COVID-19: Crypto scams on the rise

Interest-generating Products have been gaining ever more popularity in the cryptosphere, such as MakerDAO’s decentralized protocol, which, based on some report by DappRadar, saw peak activity during March, and other centralized alternatives like BlockFi’s banking program or Binance’s financing services. Though crypto has always been prone to illegal activity and dishonest ventures, the comparatively large interest rates practiced in these services might have helped normalize PlusToken’s gain claims, easing unwary investors.

Similar models have been seen everywhere. In August 2019, a cryptocurrency wallet endeavor from Nigeria, known as Satowallet, allegedly made off with $1 million at a smaller-scale exit scam. This past year, another Ponzi scheme promising yields from cloud mining also made headlines after pulling off a $200 million depart scam that later led to 14 individuals being detained.

An ever-increasing number of “topical” crypto-schemes have surfaced Because of the worsening of the coronavirus outbreak, from bogus donation campaigns for the World Health Organization and the United States Centers for Disease Control and Prevention to fraudsters impersonating officials from these agencies that can sell information on active ailments for a cost, paid with Bitcoin of course.

Now More than ever, cryptocurrency holders will need to be careful of crypto scams. The U.S. Federal Bureau of Investigations recently issued a press release where it warned of the potential growth of”cryptocurrency-related fraud strategies” throughout the COVID-19 pandemic, including:

“There Are not just numerous digital asset service suppliers online but also tens of thousands of cryptocurrency kiosks located throughout the world that are exploited by criminals to facilitate their own schemes. Many conventional financial crimes and money laundering schemes are now orchestrated via cryptocurrencies.”

Although tough times make a Perfect chaotic setting for scammers to function in, it is relieving to know that despite the increased activity and publication coronavirus-related scams, earnings for crypto scammers fell by around 30 percent in March.

Despite taking on new forms, cryptocurrency scams are nearly as old as crypto itself. By way of instance, OneCoin — among the most prominent names in regards to cryptocurrency-related scams — was founded in 2014, and it’s still making headlines in crypto media. Though OneCoin has been sued, the lead plaintiff for its continuing $4 billion class-action lawsuits against the job, Donald Berdeaux, has repeatedly failed to fulfill with the court’s monthly status reports, which might lead to the case being dropped.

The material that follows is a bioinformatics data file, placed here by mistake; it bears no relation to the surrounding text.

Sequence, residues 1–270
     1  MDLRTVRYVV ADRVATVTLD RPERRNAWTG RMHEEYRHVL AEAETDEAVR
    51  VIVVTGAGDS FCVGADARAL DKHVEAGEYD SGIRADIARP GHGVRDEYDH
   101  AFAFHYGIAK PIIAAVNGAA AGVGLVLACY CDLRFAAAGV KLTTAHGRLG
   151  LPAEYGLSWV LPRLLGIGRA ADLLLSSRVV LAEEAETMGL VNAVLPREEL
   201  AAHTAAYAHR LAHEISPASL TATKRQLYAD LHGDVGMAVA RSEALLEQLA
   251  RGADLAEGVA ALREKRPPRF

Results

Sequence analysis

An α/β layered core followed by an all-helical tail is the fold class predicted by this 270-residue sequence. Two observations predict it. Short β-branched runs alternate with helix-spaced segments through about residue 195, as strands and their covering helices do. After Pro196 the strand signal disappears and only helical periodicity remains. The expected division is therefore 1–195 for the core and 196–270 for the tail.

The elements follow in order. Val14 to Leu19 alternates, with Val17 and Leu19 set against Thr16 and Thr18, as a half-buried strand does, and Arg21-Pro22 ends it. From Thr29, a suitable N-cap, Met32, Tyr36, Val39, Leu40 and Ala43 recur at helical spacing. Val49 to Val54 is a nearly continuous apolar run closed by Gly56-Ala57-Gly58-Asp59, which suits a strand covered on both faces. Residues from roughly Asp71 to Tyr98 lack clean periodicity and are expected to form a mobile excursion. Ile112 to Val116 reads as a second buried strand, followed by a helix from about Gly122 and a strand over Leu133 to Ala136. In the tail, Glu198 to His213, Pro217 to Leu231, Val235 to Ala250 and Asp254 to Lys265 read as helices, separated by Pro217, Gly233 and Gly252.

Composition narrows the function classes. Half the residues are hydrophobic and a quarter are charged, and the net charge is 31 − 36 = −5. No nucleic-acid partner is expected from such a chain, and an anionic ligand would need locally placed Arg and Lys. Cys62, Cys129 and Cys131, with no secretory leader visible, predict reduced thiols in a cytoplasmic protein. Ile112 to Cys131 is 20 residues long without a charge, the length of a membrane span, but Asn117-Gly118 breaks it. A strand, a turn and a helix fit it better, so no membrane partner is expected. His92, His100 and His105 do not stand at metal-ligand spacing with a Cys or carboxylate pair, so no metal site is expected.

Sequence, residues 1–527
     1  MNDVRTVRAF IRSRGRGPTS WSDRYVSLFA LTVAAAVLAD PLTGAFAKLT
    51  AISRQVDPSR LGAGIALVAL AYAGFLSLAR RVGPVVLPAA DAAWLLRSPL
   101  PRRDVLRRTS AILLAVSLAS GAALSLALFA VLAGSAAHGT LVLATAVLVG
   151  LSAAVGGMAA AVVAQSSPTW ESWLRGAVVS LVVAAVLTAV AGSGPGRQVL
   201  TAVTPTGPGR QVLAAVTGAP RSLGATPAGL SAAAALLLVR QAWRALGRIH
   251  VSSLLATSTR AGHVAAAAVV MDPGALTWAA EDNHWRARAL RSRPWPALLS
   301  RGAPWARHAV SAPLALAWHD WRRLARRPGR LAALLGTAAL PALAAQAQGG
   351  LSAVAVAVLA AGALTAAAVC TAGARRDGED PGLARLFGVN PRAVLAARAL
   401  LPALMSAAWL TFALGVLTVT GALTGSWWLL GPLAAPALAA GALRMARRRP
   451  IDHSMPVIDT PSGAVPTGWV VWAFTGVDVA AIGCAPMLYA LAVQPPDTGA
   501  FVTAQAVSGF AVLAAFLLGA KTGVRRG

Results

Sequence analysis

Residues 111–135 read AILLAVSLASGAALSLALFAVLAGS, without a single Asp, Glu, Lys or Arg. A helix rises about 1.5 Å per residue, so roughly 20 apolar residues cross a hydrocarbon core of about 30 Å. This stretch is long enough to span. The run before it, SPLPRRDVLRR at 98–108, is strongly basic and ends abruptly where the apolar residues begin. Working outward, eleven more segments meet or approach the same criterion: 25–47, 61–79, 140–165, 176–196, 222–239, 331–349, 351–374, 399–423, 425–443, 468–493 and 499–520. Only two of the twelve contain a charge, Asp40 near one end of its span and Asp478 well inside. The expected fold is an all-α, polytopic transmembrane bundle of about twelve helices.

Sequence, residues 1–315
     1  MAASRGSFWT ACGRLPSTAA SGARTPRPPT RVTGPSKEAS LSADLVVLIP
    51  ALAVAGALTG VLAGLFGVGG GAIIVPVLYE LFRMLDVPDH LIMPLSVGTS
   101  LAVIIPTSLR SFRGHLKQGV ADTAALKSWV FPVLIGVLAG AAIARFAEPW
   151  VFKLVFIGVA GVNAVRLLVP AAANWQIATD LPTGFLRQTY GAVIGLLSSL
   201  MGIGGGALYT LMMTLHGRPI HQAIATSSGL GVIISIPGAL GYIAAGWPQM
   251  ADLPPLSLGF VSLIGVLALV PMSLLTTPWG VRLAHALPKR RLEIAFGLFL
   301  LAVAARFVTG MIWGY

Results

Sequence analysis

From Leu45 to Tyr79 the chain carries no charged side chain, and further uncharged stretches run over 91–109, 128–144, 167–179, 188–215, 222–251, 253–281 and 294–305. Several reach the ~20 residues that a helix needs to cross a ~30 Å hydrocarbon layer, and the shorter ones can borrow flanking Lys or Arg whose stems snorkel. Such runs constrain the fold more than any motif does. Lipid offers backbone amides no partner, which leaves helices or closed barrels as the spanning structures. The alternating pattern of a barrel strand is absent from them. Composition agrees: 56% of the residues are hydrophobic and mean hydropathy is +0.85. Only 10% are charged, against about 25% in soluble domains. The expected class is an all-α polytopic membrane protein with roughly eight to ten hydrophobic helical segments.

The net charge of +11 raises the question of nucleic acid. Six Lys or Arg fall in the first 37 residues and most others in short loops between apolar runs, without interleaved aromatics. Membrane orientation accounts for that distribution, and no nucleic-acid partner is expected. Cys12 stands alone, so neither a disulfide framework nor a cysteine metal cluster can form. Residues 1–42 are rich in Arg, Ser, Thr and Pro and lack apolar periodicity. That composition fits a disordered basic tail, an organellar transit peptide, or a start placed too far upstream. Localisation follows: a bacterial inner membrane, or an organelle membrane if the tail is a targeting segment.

Can exchanges prevent illegal trades?

Based on Chainalysis, most of the funds transferred by the PlusToken scam were liquidated in two Asian exchanges: Huobi and OKEx. This has increased Some concerns about trades’ Know Your Client practices, which don’t appear to have been helpful as it came to spotting or censoring the trades from PlusToken.

Although other sources were utilized, They were small compared to the inflows into the aforementioned exchanges. Grauer said that Chainalysis had”found traces of capital at mining pools, mixers, other scams, and p2p exchanges, but the paths were too little to be interrogated.”

If cryptocurrency schemes are to Be stopped, exchanges should ideally act as the last barrier for illegal transactions. Responding to previous criticism, Huobi is aiming to enhance its safety measures by launch Star Atlas, an on-chain tracking tool that could identify”crimes like fraud, money, laundry and other problematic actions.”

Moreover, Huobi is also looking to partner with information suppliers such as Chainalysis and CryptoCompare to create a more transparent and compliant ecosystem, a step that will be necessary for institutionalization and regulatory compliance moving forward. Ciara Sun, the vice president of international business at Huobi, told Cointelegraph:

“While We may have the ability to identify illicit activities as soon as they reach our trades and stop their outflow, we can not yet prevent illegal transactions that begin beyond our platform. But, we believe that collaborative efforts among industry players, including but not limited to data sharing, are the key to success to make a friendlier ecosystem for the crypto sector to grow.”

While efforts to reduce illicit transactions are being undertaken By exchanges like Huobi and Paxful, users must always know about Possible fraud efforts and conduct purposeful diligence into any Project they’re ready to trust with their coins since it’s unlikely They will get them back after losing.